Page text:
Calculi/concretions are solid formations ("stones") formed in organ outlets, especially in the places of their enlargement (gallbladder, renal pelvis, bladder, etc.). Concretions can occur in the body in various numbers (individually, multiple). Their size can range from a grain of sand to an object several centimeters in size. Their chemical composition depends on the place of their origin.
Lithiasis is defined by the presence of stones in the body. Several types of lithiasis are known according to the place where the stones occur.
Real concretions[edit | edit source]
- Cholelithiasis (gallstones) – cholecystolithiasis + choledocholithiasis - mainly affects women;
- Choledocholithiasis – bile ducts (in the ductus choledochus);
- Nephrolithiasis– in the renal pelvis;
- Urolithiasis (urinary stones) – pyelolithiasis + ureterolithiasis + urocystolithiasis – mainly affects men;
- Pancreatolithiasis – pancreatic ducts;
- Sialolithiasis – pancreas, salivary glands;
- Prostatolithiasis – prostate.
The shape of the stone is usually spherical or elliptical when stored loosely. If the formation completely fills the cavity of their origin, it takes the shape of the cavity. If there are more stones in one cavity pushing on each other with their surfaces in contact, the stones will be flattened, the so-called faceted concretions.
The composition of urinary stones[edit | edit source]
- Uricite – uric acid,
- whewellite – calcium oxalate · H 2 O,
- weddellite – calcium oxalate · 2H 2 O,
- apatite – calcium phosphate,
- dahllite – carbonate apatite,
- brushite – calcium hydrogen phosphate · 2H 2 O,
- struvite – magnesium ammonium phosphate · 6H 2 O .
Pseudo concretions[edit | edit source]
- Concentrated content:
- Foreign bodies:
- Microscopic calcification of blood vessels:
- psammoma bodies (calcospherites, dystrophic calcification).
Formation of stones and its causes[edit | edit source]
- The substance which the concretion is composed of is called stone-forming.
- Under normal conditions, this substance is dispersed in the solution and the protective colloid prevents precipitation.
- As the colloid condenses, the solution is supersaturated and the aggregate precipitates out of solution to form a stone.
- Colloid condensation occurs on any wetting surface (normal mucous membranes are considered non-wettable) - eg. foreign body, necrotic tissue, peeled epithelium, coagulum, cluster of bacteria or parasite eggs, etc.
- The concretion itself then forms a wettable surface. By settling further layers on it, the concretion gets bigger.
- Causes of stone-formation
- Increased concentration of stone-forming substances (diathesis stones);
- colloidal medium disorder (inflammatory stones);
- change of pH.
Increase in concentration of stone-forming substances[edit | edit source]
The increase in the concentration of the stone-inducing substance is mostly caused by endogenously (metabolic disorders - diathesis), but factors may also be involved exogenously (dehydration urolithiasis, diet with excess cholesterol in cholelithiasis, increased production of bilirubin in hemolysis).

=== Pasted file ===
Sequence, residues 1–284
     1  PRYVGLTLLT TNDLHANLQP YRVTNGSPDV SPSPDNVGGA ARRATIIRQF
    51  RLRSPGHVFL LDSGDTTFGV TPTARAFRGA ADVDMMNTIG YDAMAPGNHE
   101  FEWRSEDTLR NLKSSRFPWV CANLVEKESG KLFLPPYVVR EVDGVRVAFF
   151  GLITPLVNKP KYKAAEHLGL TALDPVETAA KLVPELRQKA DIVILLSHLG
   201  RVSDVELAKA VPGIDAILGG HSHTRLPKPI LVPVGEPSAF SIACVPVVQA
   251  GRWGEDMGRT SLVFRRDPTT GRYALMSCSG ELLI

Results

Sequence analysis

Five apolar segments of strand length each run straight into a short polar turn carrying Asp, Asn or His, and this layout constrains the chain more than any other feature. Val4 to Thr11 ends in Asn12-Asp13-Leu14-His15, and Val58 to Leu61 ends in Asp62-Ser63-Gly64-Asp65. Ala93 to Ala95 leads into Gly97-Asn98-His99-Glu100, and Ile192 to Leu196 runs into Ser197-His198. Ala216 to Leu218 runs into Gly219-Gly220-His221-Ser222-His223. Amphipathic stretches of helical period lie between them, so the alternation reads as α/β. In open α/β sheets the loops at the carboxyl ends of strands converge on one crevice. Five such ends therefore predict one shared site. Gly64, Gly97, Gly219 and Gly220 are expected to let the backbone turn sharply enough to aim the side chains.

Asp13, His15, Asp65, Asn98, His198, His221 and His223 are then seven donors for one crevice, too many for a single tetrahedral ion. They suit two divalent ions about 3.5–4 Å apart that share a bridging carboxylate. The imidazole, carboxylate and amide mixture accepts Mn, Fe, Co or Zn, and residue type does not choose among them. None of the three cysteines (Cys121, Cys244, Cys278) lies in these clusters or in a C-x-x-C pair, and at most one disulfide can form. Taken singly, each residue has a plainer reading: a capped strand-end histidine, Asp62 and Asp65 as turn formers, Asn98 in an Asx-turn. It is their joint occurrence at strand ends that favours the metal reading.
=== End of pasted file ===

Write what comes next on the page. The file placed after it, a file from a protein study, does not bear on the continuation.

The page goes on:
- Cholelithiasis – cholesterol and pigment (black and brown) stones.
- Urolithiasis – oxalate, urate, xanthine, cystine, phosphate, calcium stones.
Colloidal medium disorder[edit | edit source]
It is caused during inflammation - either by mixing the colloid with exudate or by getting in touch with a wettable surface (peeled epithelium, bacterial colonies, necrotic tissue, etc.).
- Mixed stones in the gallbladder.
Change of pH[edit | edit source]
- It changes the solubility of stone-forming substances.
- Most often in urolithiasis, caused by ascending bacterial infection (especially genus Proteus), which breaks down urea to form ammonia (alkalization of the environment - increase in solubility of urates, decrease in solubility of calcium salts calcium).
- On the contrary, infection often occurs due to diathesis urolithiasis - then calcium salts can settle on other nuclei (eg urate) and mixed stones are formed.
Complications of concretions[edit | edit source]
In general, the manifestations and complications of stones in the body are referred to as lithiasis.
- clogging of the cavity in which they were formed – congestion of the content (cholestasis, hydronephrosis), possibility of ascending infection - purulent cholangitis to liver abscess in cholelithiasis, purulent pyelonephritis in urolithiasis,
- pressure necrosis of mucous membrane – Pressure ulcers in the gallbladder and bile ducts, ulceration - perforation - chemical peritonitis, or penetration (penetration by fibrous adhesions to the surrounding organs - gallstones can get into the small intestine, gets stuck in the ileocecal orifice and causes ileus),
- colic (renal colic, gallbladder colic, intestinal colic) - peristalsis can get stones into narrow outlets and block them completely. Colic is a paroxysmal pain, which is caused by alternating contraction and relaxation of smooth muscle (defense mechanism to overcome an obstacle).
Links[edit | edit source]
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References[edit | edit source]
- BARTONÍČKOVÁ, K. Urolithiasis. Postgradual medicine [online]. -, vol. 2, p. -, Available from <https://zdravi.euro.cz/clanek/postgradualni-medicina/urolitiaza-172263>.
Source[edit | edit source]
- PASTOR, J. Langenbeck's medical web page [online]. [cit. 17.08.2009]. <https://www.freewebs.com/langenbeck/>.
Bibliography[edit | edit source]
- STŘÍTESKÝ, Jan. Patologie. 1. edition. Epava, 2001. 338 pp. ISBN 80-86297-06-3.